Gender, age, and body weight are the major predictive factors for bone mineral density in Crohn's disease: a case-control cross-sectional study of 113 patients.Am J Gastroenterol. 1999 Mar; 94(3):824-8.AJ
We conducted this study to assess bone mineral density and to evaluate conceivable predictive factors for bone loss in patients with Crohn's disease.
One hundred-thirteen patients with Crohn's disease and 113 healthy subjects, individually matched for gender, age, and body weight were investigated. The group consisted of 68 women and 45 men. The median duration of Crohn's disease was 6 yr. Two-thirds of the patients had been subjected to intestinal resection. Seventy-seven percent had at some time been treated with corticosteroids. Bone mineral density in the lumbar spine, the hip, and the total body skeleton was measured by dual-energy X-ray absorptiometry (DEXA).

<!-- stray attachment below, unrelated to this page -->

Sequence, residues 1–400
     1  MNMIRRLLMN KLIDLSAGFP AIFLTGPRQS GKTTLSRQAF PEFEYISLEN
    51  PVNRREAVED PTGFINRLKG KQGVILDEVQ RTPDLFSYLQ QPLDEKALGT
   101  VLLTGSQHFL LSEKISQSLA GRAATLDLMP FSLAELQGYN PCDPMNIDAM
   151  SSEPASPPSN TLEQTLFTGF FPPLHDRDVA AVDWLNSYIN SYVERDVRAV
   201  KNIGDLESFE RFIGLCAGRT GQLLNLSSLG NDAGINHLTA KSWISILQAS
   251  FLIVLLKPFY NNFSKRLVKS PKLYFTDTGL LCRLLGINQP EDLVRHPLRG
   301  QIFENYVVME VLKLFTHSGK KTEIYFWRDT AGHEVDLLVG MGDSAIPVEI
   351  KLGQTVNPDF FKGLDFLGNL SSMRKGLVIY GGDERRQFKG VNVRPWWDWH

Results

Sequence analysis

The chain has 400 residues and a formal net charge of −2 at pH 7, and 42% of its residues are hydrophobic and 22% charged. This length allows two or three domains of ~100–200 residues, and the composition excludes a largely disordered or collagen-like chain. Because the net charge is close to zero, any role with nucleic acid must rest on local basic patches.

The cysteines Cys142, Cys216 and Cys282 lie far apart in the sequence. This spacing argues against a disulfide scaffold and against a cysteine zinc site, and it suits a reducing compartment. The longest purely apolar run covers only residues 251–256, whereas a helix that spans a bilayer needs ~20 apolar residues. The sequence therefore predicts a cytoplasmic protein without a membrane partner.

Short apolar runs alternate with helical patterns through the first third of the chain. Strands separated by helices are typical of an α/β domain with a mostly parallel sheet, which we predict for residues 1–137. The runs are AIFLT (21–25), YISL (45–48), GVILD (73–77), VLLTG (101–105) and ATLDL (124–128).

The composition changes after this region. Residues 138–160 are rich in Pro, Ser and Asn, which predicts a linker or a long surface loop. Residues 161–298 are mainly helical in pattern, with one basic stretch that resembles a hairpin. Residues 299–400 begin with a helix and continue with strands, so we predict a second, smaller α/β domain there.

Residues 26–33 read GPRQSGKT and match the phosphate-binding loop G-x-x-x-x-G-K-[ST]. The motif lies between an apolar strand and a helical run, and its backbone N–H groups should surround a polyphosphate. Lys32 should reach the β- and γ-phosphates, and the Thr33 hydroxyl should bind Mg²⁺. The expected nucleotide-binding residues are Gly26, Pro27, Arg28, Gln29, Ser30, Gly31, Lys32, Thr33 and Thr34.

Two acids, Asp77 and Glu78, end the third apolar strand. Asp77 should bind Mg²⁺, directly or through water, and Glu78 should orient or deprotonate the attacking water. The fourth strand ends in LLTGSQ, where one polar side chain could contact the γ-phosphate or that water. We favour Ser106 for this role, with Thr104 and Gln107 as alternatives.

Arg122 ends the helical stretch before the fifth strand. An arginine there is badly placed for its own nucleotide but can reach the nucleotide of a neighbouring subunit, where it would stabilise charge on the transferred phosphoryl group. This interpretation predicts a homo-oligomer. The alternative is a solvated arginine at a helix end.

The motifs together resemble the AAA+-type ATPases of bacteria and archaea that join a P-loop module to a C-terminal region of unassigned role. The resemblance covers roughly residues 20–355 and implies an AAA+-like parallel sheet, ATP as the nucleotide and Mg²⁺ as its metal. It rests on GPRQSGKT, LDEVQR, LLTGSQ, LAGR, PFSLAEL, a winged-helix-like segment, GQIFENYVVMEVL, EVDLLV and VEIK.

In patients with Crohn's disease bone mineral density was not different from that of healthy controls except for a regional decrease in bone mineral density of the hip in female patients. The strongest predictors of bone mineral density were gender, age, and body weight. Corticosteroid use was only a weak predictor of diminished bone density. Duration of disease and intestinal resection had no predictive value for bone mineral density.
Gender, age, and body weight are the major determinants of bone mineral density in patients with Crohn's disease. As in healthy individuals, the combined effect of these factors account for up to 50% of the variability in bone mineral density.